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find out (third-person singular simple present finds out, present participle finding out, simple past and past participle found out)
- (idiomatic) To discover, as by asking or investigating.
- I don't know who the twenty-first president of the United States was, but it should be very easy to find out.
- 1912, Arthur Conan Doyle, The Lost World […], London; New York, N.Y.: Hodder and Stoughton, →OCLC:
- "Why shouldn't somethin' new and wonderful lie in such a country? And why shouldn't we be the men to find it out?"
- 2020 December 2, Paul Bigland, “My weirdest and wackiest Rover yet”, in Rail, page 68:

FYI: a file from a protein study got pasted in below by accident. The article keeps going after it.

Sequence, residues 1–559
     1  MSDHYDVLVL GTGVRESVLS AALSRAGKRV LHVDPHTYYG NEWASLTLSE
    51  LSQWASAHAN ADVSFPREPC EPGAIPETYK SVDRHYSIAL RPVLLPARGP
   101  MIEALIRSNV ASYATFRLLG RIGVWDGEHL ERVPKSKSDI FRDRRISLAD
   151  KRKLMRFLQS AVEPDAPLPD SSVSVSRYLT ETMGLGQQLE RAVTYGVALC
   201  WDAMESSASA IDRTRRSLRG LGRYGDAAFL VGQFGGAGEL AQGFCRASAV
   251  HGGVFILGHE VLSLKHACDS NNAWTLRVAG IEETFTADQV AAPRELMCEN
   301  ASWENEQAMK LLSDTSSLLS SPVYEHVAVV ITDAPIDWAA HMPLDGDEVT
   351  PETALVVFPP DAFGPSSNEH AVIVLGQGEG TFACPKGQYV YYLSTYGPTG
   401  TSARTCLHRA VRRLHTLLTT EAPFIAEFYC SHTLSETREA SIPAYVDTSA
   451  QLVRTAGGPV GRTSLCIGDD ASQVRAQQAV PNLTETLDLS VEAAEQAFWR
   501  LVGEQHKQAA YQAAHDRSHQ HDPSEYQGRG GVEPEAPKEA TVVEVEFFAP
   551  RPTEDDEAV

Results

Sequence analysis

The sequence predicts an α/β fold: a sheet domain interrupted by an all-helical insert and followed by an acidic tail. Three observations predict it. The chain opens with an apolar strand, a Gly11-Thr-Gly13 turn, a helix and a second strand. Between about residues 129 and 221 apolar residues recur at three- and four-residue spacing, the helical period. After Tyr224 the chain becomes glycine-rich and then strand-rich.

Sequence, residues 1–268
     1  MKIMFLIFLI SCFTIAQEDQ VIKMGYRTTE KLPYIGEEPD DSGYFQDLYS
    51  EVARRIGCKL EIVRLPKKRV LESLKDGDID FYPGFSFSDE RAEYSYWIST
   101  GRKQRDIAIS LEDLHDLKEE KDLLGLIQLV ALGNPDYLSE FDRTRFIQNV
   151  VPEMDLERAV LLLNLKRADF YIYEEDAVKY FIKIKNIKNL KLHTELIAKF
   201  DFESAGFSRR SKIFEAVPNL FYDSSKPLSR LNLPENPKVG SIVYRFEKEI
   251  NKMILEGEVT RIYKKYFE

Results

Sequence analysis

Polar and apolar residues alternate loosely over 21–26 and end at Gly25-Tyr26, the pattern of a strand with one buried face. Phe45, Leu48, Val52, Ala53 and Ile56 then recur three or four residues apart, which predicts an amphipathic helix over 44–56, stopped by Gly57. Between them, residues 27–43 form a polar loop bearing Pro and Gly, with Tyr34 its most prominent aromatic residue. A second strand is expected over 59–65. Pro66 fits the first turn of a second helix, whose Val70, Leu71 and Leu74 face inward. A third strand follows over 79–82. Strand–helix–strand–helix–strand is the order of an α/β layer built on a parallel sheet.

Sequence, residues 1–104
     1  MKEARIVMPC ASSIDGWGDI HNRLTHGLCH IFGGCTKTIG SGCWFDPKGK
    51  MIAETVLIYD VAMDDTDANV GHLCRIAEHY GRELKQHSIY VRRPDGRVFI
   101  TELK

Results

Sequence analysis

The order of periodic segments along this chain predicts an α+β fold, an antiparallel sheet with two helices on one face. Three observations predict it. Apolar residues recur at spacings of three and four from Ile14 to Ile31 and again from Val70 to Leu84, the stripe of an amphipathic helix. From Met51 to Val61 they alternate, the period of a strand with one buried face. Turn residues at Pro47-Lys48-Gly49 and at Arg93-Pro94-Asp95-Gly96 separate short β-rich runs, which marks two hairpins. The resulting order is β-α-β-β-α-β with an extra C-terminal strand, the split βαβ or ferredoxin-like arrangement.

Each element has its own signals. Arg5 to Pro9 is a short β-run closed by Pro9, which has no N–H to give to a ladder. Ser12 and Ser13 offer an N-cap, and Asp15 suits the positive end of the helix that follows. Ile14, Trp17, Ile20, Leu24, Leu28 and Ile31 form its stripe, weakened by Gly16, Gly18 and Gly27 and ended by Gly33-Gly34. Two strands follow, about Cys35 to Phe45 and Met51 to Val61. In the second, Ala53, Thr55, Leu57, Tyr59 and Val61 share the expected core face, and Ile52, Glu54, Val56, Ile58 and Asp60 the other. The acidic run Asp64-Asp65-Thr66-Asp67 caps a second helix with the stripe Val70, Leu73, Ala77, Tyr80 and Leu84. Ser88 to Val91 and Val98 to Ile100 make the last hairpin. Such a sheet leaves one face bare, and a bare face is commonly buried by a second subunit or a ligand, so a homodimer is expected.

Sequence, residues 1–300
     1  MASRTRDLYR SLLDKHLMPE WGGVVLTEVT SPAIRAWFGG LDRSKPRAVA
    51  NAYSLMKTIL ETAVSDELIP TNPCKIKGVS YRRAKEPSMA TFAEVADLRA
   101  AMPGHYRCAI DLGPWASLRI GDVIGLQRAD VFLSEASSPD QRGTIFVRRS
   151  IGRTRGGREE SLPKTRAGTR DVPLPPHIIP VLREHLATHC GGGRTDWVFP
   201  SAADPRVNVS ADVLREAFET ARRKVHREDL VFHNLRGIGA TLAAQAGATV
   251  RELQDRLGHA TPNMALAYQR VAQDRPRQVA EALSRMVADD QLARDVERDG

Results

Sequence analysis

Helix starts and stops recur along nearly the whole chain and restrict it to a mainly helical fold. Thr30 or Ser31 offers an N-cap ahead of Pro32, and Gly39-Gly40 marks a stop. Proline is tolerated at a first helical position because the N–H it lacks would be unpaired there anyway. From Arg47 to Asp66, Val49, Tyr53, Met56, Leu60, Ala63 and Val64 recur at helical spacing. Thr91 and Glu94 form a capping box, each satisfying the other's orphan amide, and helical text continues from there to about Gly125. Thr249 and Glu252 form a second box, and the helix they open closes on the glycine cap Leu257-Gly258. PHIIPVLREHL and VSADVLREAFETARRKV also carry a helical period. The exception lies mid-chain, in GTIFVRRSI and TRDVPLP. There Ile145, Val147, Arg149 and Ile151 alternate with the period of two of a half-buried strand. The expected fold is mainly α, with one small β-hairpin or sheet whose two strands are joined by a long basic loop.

- I haven't booked, so I don't have a clue as to whether the service will be busy or not. Supposedly, reservations are compulsory, but I want to find out what would happen if you just turn up.
- To discover or expose (someone) as disobedient, dishonest, etc.
- He had been fiddling the books for years, but finally he was found out.
- To uncover a weakness in (someone).
- He may cope with the multiple choice questions, but the written exam will find him out.
- If you don't try, you do not find it out.
to expose as dishonest
to uncover a weakness